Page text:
With care from our family for your family
Organic Trachanas (τραχανάς)
Trachanas is a typical Greek product, very healthy and nutritious and in its cooking variations can be eaten for breakfast, lunch or dinner. As such, justifiably formed the basis of the diet of Greeks in older times. Indeed, its production, initially meant as a method for the preservation of milk, led to a product that cooked as a soup was an easy and nutritious meal for nomad shepherds. Even today, one advantage is its long shelf-life. Since trachanas is so nutritious, it is the first meal given even today to babies after the 8th month of age.
Trachanas is made with wheat or flour as the basic material- hence the terms ‘wheat based’ or ‘flour based’- that is worked with milk or sour milk or yogurt or tomato sauce. The terms ‘sweet’ (glykos) or ‘sour’ (xinos) are used to distinguish when it is made with milk or yogurt respectively. Trachanas, as a traditional Greek product, was made with local produce and with recipes being passed through generations; hence variations in ingredients, recipes and definitions can be found as one travels through the country.
In the past, in most villages, before entry of the summer, each housewife had the task to secure winter supply for the family. During the months of July and August every family gathered or harvested their own wheat, cleaned it very carefully and washed it. Then they set a fire and boiled the wheat in huge pots. When dry, they broke the wheat with stones: the top stone had a hole in the centre so as to turn the stone by inserting a stick. In some village houses these old stones still exist. For the making of trachanas, sheep milk was preferred because its increased fat content made it more nutritious. Nevertheless cow milk was also an option. Those times, before the invention of refridgeration, man needed to cooperate with nature; so to make trachanas they needed to pair best milk quality with optimum weather conditions. After milking, they would boil the milk and pour it over the broken wheat in a big pan such that it would absorb all the milk. Then, they would spread pieces of wheat on a large cotton tablecloth and leave it there for a day for moisture to escape. Next day they would place such pieces on an upturned sieve and rub them between their fingers. Such sieves are generally passed upon generations; today are hard to find because they are special constructions. The ‘rubbed’ trachanas would be spread on sheets, laying on a shady place, usually on the house beds. They would be staying there for three days and then would be transferred to a sunny place for one day. It was crucial for the trachanas to dry really well, else it would go ‘mouldy’, meaning that all efforts would have gone astray. After drying they would collect trachanas in cotton bags and store. In winter, sometimes they cooked trachanas in the morning to feed the kids to ensure they are strong and healthy. This breakfast would keep them until they reached school by walking usually long distances. The whole family had trachanas; directly from a special dish, specific to trachanas: they cooked it inside the dish and consumed it directly from there.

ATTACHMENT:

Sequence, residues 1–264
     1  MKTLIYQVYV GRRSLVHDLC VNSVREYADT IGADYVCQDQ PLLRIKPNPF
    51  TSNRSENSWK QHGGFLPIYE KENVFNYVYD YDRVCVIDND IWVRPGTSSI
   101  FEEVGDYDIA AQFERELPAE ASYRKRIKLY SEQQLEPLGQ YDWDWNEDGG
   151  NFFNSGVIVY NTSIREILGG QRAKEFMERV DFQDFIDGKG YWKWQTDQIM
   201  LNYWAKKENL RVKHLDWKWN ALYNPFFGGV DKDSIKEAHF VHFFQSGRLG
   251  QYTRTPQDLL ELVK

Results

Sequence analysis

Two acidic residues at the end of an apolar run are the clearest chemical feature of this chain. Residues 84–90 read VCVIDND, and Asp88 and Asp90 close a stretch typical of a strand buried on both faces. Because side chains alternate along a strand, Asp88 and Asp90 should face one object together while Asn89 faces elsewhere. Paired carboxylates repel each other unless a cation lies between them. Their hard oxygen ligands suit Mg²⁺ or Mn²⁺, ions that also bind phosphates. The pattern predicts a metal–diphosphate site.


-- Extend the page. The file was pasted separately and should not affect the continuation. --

Today, production follows a similar procedure: Wheat or flour is mixed with boiled milk or yogurt, dried and packed. The wheat has been previously boiled, dried, cut and sieved in a procedure similar to the production of bulgur. Production traditionally takes time such that it is spread on a large surface at least for a week to dry really well.
Trachanas is a good source of proteins, calcium, iron, magnesium and complex B vitamins; most recipes contain probiotic microorganisms since they are subjected to fermentation. Trachanas is highly digestible, beneficial to the proper intestine function and the support of the immune system.
So go for it:
This is an artisanal product brought to you by a family with a long farming history that has the purpose to pass its existence to the next generations. The use of chemicals is excluded at any stage of its production. Some stages from zero until this product reaches you are handled by hand, giving employment to a number of people. In all stages we take care to keep a balance so as not increase the production cost immensely. Like any hand-made product it may have its imperfections, but then these make it unique and its additional value is that you know it is brought to you by a family that cares for other families, yours included.